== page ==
Even so, we should always exercise a few safety measures.
The Buddy System is an excellent way to stay safe. Bring a friend with you when you meet someone in a face-to-face transaction over any form of a local forum, Armslist, or social media.
Even better than the buddy system is to sell it to a buddy, a coworker, or a friend of a friend.
When meeting a stranger to buy or sell a gun, or really anything, always meet in a well-lit public location. I would never advise going to some random guy or gal’s house or meeting out in the middle of nowhere.
Police departments have even set up parking lots where people can meet safely, under surveillance.
If you are unsure of the seller, and their intentions, don’t be afraid to ask for an ID, a concealed carry license or permit, and a bill of sale. This will usually eliminate anyone acting fishy and is a good way to CYA (cover your ass).
If you meet over something like Armslist you’ll have their email address. Run their email address through social media and see if it links to any accounts — you can scope out your stranger pretty easily this way.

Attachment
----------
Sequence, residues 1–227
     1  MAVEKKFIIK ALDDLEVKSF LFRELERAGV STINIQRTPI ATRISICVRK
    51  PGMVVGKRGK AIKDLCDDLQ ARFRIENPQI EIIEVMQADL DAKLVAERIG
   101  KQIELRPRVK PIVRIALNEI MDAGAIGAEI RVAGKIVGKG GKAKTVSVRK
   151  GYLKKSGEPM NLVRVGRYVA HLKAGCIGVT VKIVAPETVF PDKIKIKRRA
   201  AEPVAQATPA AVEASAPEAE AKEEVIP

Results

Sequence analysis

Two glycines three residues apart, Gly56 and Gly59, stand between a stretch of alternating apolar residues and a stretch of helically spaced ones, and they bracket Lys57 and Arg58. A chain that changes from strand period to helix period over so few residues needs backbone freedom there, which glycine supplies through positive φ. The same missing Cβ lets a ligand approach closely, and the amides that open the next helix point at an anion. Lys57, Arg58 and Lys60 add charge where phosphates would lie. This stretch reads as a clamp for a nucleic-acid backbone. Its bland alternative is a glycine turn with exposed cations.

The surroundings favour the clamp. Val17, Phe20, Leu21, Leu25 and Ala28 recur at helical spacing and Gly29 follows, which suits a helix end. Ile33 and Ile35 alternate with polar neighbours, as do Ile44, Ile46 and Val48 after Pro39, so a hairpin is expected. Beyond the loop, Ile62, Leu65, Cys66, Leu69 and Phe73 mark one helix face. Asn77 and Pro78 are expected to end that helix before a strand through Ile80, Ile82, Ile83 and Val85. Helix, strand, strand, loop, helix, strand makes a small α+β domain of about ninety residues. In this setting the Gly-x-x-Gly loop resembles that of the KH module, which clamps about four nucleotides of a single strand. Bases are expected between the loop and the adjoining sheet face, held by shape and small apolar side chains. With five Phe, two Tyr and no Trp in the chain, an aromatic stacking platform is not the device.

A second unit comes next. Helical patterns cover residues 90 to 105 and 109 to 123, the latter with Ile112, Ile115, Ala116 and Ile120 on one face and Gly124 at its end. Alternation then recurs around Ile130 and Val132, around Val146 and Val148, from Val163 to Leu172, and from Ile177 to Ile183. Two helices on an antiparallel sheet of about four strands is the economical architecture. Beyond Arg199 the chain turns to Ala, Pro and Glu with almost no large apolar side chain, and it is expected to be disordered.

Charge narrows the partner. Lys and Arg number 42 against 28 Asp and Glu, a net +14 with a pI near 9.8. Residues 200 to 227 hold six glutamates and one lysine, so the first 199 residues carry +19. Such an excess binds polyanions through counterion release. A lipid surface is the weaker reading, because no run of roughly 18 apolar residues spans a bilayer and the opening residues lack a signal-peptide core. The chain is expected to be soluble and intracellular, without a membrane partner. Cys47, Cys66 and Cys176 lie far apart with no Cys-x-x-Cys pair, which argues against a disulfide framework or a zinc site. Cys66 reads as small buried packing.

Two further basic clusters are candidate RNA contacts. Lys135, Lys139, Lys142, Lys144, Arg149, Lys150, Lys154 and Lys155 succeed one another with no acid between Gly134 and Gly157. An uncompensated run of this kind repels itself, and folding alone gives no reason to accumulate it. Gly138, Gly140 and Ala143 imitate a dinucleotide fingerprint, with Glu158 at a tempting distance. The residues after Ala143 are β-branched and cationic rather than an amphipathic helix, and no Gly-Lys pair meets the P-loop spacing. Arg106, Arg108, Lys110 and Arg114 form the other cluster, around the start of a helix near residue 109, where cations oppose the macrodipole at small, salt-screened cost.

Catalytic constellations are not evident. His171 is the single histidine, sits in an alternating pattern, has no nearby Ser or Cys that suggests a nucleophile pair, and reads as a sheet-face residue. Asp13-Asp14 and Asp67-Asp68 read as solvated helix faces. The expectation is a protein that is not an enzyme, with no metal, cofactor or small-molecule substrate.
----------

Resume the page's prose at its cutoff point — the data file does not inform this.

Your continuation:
When arranging a meeting I would never agree to drive more than half an hour. This is just a preventive measure against no-shows and wasted time.
Learn from my fails!
Some people never learned manners and can’t simply shoot a text message saying they won’t make it.
If you are meeting to buy an expensive firearm I’d advise meeting at a range and doing some heavy research. The research will allow you to check for defects in the firearm and things that can go wrong.
Also meeting at a range allows you to throw some lead downrange. This way you know for sure the weapon works.
Always make sure the deal is worked out before you put your vehicle in gear. You can always walk away if the firearm isn’t in good condition or is not as advertised.
However, it is good to understand what you are selling and for exactly how much. Or what you are buying and what exactly you are buying it for.
Always double-check, and ensure the terms are set. Lastly, always trust your instincts.
If something seems odd or wrong, be willing to walk away, or cancel the meeting.
But remember, if you aren’t going to meet the individual, be nice and give them a call or shoot a text message.
As you become more accustomed to gun culture and the environment surrounding guns you’ll learn a thing or two.
You’ll feel more comfortable buying, selling, and trading guns.
Until then, follow our guide to selling private firearms and it’s easy to be successful, safe, and come away with the best deal possible.
Any stories of how your private sale went? Let us know in the comments below! If you don’t feel like setting up a private gun sale, be sure to check out our article on the 10 Best Online Gun Stores.